they rejoice before you
    as with joy at the harvest,
    as they are glad when they divide the spoil.
For the yoke of his burden,
    and the staff for his shoulder,
    the rod of his oppressor,
    you have broken as on the day of Midian.
For every boot of the tramping warrior in battle tumult
    and every garment rolled in blood
    will be burned as fuel for the fire.
For to us a child is born,
    to us a son is given;
and the government shall be upon his shoulder,
    and his name shall be called
Wonderful Counselor, Mighty God,
    Everlasting Father, Prince of Peace.
Of the increase of his government and of peace
    there will be no end,
on the throne of David and over his kingdom,
    to establish it and to uphold it
with justice and with righteousness
    from this time forth and forevermore.
The zeal of the Lord of hosts will do this. (Isaiah 9:2-7)

Through him he has called us out of darkness into the light, out of ignorance into the knowledge of his glory, so that we might hope, Lord, in your name, for it is the foundation of all creation.  Clement of Rome

Sunday
Dec092012

Second Sunday in Advent

1 There shall come forth a shoot from the stump of Jesse,
    and a branch from his roots shall bear fruit.
And the Spirit of the Lord shall rest upon him,
    the Spirit of wisdom and understanding,
    the Spirit of counsel and might,
    the Spirit of knowledge and the fear of the Lord.
And his delight shall be in the fear of the Lord.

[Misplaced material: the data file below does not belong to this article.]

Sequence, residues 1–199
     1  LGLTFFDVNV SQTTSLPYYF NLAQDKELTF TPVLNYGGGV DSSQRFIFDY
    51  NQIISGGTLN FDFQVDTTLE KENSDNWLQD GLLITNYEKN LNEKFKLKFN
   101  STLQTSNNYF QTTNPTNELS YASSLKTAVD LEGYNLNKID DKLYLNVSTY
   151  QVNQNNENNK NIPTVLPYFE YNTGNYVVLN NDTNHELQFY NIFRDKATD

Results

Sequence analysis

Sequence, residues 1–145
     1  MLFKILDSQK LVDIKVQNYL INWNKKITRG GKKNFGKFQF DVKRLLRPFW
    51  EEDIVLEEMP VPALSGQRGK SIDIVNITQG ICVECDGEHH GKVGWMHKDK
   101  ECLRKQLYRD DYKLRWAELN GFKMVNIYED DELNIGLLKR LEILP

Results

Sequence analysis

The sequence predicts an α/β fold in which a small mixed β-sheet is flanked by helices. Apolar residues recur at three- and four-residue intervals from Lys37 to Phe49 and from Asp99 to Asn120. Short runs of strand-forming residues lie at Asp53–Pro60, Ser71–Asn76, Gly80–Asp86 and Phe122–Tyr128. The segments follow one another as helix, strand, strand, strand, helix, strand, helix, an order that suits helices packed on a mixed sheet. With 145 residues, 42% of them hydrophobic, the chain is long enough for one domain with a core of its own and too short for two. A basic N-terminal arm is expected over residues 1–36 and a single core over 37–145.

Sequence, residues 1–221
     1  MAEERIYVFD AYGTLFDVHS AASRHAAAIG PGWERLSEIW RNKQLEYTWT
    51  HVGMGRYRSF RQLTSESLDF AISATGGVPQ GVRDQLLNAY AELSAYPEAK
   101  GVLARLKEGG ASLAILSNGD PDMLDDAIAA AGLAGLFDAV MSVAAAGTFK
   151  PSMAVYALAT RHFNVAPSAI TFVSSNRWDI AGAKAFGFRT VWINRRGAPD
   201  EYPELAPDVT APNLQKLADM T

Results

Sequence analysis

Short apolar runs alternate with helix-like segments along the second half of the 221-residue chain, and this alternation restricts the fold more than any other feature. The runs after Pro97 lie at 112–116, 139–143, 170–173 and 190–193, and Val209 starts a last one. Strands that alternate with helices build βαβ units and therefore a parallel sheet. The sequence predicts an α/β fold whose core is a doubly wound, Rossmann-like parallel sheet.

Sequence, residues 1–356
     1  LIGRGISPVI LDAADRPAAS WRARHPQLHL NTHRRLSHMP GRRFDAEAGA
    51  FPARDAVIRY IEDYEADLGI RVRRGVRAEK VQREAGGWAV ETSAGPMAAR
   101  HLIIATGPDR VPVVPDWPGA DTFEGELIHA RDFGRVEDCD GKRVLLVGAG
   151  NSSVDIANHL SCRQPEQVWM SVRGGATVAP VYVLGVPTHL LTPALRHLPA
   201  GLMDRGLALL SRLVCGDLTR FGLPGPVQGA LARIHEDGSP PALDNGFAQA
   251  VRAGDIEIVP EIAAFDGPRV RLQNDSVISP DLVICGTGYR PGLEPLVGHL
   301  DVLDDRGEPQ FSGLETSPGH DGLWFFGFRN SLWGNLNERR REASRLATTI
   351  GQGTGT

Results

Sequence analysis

He shall not judge by what his eyes see,
    or decide disputes by what his ears hear,
but with righteousness he shall judge the poor,
    and decide with equity for the meek of the earth;
and he shall strike the earth with the rod of his mouth,
    and with the breath of his lips he shall kill the wicked.
Righteousness shall be the belt of his waist,
    and faithfulness the belt of his loins.

O God, who did look on humanity when they had fallen down into death and resolve to redeem them by the advent of your only-begotten son, grant we ask you, that they who confess his glorious incarnation may also be admitted to the fellowship of him their Redeemer; through the same Jesus Christ our Lord.  Amen ~Ambrose 

 

Sunday
Dec022012

First Sunday in Advent

Walk in the light of the Lord.

Isiah 2:1-5:

The word that Isaiah the son of Amoz saw concerning Judah and Jerusalem.

It shall come to pass in the latter days
    that the mountain of the house of the Lord
shall be established as the highest of the mountains,
    and shall be lifted up above the hills;
and all the nations shall flow to it,
    and many peoples shall come, and say:
“Come, let us go up to the mountain of the Lord,
    to the house of the God of Jacob,
that he may teach us his ways
    and that we may walk in his paths.”
For out of Zion shall go the law,
    and the word of the Lord from Jerusalem.
He shall judge between the nations,
    and shall decide disputes for many peoples;
and they shall beat their swords into plowshares,
    and their spears into pruning hooks;
nation shall not lift up sword against nation,
    neither shall they learn war anymore.

O house of Jacob,
    come, let us walk
    in the light of the Lord.

For all who do evil hate the light and fail to come to the light lest their works be proven.  But you, the house of Jacob, the house of my people, come with me and let us walk together in the light of the Lord.  Let us accept the gospel of Christ and be illuminated by him who said, "I am the light of the world."  Jerome.  Commentary on Isaiah 1.2.5-6